Ultra-wide-range measurements of thin-film filter optical density over the visible and near-infrared spectrum

Significance Statement

The work described in this paper was also presented at the last SPIE Conference Advances in Optical Thin Films V (Jena, Germany, 7-10 September 2015) and selected for an invited talk (“Wide-range Multimodal Characterization of the Optical Properties of Complex Thin-film Filters”) to be done at the next OSA Conference Optical Interference Coatings (Tucson, Arizona, USA, 19-24 June 2016).

Since the publication of this paper, additional features were added to the set-up, like the ability to achieve reflection and scattering measurements (up to the detection background fixed by Rayleigh scattering limit in air) or the implementation of a self-adaptive mechanism for the tuning of the spectral resolution of the measurements in the range between 0.2 and 2 nm (article in preparation). 

About the author

Michel Lequime is Eméritus Professor at Centrale Marseille, a French engineer high school, and senior scientist at the optical thin-film group of Institut Fresnel. Currently, his research interests concern the development of in situ optical monitoring systems, the comprehensive characterization of optical surfaces through spatially and angularly resolved light scattering measurements and the theoretical study of optical properties of thin-film stacks including metamaterials layers. He is credited with twenty six patents and more than two hundred publications and presentations in the areas of non-linear optics, space optics, fiber optic sensors, scattering phenomena and optical interference coatings. He is a member of the OSA and SPIE, and has served as Secretary of the Board of the French Optical Society (SFO, 2009-13).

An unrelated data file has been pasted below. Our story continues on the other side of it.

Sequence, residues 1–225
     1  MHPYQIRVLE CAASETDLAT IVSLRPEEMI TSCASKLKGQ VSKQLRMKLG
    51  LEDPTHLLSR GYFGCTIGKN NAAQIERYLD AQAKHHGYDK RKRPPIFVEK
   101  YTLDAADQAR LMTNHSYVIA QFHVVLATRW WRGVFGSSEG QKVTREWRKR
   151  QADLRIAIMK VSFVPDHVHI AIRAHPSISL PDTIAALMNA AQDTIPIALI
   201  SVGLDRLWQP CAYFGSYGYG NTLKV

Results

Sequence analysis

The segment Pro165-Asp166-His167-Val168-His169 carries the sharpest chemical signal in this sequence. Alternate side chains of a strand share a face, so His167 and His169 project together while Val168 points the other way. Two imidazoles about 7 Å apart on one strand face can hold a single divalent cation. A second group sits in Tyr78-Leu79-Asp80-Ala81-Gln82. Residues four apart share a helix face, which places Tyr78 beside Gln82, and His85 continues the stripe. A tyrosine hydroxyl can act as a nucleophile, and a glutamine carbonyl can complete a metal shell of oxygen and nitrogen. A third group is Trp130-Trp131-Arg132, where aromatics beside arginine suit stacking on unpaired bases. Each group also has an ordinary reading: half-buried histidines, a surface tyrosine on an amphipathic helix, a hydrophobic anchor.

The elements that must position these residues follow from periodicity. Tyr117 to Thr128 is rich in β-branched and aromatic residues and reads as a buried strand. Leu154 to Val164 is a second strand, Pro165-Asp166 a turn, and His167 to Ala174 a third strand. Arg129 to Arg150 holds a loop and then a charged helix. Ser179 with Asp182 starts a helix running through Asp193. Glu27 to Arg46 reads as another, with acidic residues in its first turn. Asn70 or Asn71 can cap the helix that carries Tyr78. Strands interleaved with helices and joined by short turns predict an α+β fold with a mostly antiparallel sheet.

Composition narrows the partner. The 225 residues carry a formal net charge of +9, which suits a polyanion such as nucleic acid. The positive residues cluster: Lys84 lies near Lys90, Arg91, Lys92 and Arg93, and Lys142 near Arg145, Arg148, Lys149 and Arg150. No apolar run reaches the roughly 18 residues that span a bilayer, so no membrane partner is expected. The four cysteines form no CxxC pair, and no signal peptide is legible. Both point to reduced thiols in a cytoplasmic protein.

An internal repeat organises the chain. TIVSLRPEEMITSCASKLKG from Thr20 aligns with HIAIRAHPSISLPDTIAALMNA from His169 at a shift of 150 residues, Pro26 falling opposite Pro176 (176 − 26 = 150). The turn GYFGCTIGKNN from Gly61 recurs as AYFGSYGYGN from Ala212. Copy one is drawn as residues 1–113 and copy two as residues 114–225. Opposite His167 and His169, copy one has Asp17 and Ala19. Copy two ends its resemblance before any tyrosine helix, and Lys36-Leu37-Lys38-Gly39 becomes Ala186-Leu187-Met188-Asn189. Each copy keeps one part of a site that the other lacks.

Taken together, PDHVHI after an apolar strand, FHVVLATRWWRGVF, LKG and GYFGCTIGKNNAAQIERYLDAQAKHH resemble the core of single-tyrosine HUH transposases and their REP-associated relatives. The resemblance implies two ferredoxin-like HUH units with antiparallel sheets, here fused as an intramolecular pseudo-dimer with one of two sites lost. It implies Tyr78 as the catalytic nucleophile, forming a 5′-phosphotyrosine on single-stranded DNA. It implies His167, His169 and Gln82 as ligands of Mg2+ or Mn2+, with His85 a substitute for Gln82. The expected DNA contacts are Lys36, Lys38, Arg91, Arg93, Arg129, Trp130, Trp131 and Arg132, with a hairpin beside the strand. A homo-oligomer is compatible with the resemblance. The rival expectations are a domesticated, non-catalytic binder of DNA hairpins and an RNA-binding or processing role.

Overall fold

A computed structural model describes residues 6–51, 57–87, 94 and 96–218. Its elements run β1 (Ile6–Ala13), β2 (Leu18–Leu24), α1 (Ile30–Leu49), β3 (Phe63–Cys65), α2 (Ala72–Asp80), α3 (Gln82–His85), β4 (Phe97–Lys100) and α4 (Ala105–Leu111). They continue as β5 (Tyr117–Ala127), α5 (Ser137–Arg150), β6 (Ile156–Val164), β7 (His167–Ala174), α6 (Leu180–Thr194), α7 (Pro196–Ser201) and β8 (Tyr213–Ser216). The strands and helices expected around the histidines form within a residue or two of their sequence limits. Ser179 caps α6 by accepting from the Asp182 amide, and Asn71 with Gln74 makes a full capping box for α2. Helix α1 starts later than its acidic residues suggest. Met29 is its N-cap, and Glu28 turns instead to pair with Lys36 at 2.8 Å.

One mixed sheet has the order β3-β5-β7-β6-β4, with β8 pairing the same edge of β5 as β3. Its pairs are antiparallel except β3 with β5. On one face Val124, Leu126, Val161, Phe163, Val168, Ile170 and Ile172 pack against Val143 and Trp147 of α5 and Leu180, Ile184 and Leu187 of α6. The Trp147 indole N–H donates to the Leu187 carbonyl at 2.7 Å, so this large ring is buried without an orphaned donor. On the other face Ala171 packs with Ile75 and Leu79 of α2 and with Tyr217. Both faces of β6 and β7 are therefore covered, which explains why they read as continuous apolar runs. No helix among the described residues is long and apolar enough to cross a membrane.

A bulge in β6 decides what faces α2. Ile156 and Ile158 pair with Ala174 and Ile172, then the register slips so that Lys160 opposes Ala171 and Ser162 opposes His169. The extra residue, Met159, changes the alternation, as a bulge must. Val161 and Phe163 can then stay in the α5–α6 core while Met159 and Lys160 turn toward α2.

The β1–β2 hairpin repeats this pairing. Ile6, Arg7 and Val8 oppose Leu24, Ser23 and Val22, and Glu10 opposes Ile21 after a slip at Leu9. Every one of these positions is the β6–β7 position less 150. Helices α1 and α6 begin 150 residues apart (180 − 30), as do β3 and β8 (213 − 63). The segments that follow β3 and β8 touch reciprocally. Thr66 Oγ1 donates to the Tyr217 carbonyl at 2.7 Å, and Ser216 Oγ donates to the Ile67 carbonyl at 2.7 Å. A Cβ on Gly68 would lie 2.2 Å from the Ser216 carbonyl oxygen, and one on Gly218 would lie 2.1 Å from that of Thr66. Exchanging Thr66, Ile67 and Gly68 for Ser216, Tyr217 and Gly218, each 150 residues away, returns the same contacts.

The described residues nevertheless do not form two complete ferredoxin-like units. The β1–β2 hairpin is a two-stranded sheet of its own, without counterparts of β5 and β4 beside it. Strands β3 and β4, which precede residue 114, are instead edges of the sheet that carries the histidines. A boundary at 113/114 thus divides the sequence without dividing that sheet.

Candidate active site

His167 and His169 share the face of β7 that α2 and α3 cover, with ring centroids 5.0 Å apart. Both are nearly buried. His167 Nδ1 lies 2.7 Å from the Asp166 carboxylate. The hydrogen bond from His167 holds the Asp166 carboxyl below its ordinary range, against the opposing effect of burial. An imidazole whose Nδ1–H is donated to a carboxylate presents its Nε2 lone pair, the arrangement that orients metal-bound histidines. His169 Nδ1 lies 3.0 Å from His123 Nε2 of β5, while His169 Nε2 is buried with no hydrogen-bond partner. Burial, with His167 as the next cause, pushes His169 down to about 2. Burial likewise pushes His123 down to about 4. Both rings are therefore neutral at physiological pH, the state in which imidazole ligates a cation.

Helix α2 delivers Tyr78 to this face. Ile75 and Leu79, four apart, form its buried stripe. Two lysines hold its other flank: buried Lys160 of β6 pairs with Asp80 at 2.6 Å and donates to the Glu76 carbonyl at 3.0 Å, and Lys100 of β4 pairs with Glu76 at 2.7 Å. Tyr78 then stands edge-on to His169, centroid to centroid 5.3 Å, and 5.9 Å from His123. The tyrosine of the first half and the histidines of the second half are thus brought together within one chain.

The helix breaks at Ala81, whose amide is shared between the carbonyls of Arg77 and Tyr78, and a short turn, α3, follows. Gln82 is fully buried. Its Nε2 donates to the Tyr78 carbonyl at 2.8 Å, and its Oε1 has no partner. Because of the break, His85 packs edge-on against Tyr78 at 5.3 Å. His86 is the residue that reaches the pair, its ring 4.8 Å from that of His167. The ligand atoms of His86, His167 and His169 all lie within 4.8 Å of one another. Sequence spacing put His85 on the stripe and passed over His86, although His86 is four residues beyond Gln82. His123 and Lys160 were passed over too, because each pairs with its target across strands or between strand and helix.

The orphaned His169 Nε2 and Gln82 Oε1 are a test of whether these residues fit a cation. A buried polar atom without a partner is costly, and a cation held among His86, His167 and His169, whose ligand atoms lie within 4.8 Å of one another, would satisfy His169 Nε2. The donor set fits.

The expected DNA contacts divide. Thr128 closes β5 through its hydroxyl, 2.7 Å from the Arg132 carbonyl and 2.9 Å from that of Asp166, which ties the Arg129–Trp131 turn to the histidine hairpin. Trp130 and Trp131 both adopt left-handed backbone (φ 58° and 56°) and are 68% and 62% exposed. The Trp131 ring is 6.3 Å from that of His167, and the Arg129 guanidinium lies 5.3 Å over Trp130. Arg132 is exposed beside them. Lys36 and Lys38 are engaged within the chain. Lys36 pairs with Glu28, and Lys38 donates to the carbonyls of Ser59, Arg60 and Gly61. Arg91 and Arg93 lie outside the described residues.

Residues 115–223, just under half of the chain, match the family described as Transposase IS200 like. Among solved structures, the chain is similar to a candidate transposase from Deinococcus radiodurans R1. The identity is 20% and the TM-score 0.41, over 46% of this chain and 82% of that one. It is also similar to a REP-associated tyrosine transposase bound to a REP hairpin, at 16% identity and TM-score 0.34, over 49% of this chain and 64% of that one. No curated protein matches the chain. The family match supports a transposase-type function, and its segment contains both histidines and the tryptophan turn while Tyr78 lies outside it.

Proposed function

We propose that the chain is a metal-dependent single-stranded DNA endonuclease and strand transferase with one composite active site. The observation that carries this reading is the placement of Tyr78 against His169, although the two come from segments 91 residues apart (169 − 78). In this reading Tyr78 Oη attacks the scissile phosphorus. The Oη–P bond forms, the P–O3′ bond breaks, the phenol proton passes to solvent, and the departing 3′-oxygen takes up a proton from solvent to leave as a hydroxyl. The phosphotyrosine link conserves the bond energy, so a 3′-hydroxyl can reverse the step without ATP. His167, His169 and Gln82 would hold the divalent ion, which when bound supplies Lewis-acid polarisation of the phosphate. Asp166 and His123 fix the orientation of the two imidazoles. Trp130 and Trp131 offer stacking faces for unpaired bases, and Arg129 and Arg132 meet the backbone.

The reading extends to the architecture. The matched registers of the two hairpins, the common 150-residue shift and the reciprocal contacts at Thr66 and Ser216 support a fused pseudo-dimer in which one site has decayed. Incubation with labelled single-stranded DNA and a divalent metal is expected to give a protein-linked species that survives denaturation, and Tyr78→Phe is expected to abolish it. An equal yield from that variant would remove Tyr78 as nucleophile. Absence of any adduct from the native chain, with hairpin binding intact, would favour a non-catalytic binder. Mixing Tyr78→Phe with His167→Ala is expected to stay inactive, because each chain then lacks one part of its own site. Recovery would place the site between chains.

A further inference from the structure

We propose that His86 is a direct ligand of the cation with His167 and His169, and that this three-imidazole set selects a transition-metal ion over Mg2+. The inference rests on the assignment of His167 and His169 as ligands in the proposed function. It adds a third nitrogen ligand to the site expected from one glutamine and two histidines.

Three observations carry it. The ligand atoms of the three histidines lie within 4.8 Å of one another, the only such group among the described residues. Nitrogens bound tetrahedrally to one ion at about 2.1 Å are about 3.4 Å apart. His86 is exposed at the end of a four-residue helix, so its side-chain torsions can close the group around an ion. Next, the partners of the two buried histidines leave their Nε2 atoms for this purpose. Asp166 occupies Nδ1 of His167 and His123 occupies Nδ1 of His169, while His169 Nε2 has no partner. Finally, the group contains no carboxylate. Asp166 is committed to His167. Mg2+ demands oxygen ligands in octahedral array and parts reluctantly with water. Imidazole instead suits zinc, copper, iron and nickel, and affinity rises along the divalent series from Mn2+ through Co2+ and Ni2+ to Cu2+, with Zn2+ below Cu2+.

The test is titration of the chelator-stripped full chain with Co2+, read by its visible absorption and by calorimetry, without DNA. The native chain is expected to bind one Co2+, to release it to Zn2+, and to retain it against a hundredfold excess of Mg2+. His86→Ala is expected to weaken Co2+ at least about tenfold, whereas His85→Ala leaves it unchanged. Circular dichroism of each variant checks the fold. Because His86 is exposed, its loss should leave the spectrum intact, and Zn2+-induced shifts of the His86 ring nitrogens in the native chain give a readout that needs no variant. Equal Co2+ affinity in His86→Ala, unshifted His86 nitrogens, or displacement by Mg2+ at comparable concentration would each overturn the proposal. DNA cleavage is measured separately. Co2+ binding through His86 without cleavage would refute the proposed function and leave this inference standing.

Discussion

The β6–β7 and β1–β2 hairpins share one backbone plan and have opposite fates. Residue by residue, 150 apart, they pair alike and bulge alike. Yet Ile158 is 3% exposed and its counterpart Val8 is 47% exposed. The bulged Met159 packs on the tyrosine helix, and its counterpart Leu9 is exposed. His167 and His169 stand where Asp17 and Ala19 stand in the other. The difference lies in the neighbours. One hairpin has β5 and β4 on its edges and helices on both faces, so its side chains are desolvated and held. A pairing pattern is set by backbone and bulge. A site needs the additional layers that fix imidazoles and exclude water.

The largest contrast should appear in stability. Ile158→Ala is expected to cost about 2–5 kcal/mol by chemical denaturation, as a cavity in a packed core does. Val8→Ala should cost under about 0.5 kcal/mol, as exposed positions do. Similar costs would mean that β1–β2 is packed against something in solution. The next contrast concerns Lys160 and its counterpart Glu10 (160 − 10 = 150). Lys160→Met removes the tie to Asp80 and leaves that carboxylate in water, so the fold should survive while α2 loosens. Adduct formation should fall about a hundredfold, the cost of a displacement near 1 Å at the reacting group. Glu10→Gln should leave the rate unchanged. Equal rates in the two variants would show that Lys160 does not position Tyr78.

Journal Reference

Optics Express, Vol. 23, Issue 20, pp. 26863-26878 (2015).

Michel Lequime, Simona Liukaityte, Myriam Zerrad, Claude Amra

Institut Fresnel, CNRS, Aix-Marseille Univ. (France)


We present the improved structure and operating principle of a spectrophotometric mean that allows us for the recording of the transmittance of a thin-film filter over an ultra-wide range of optical densities (from 0 to 11) between 400 and 1000 nm. The operation of this apparatus is based on the combined use of a high power supercontinuum laser source, a tunable volume hologram filter, a standard monochromator and a scientific grade CCD camera. The experimentally recorded noise floor is in good accordance with the optical density values given by the theoretical approach. A demonstration of the sensitivity gain provided by this new set-up with respect to standard spectrophotometric means is performed via the characterization of various types of filters (band-pass, long-pass, short-pass, and notch).

© 2015 Optical Society of America

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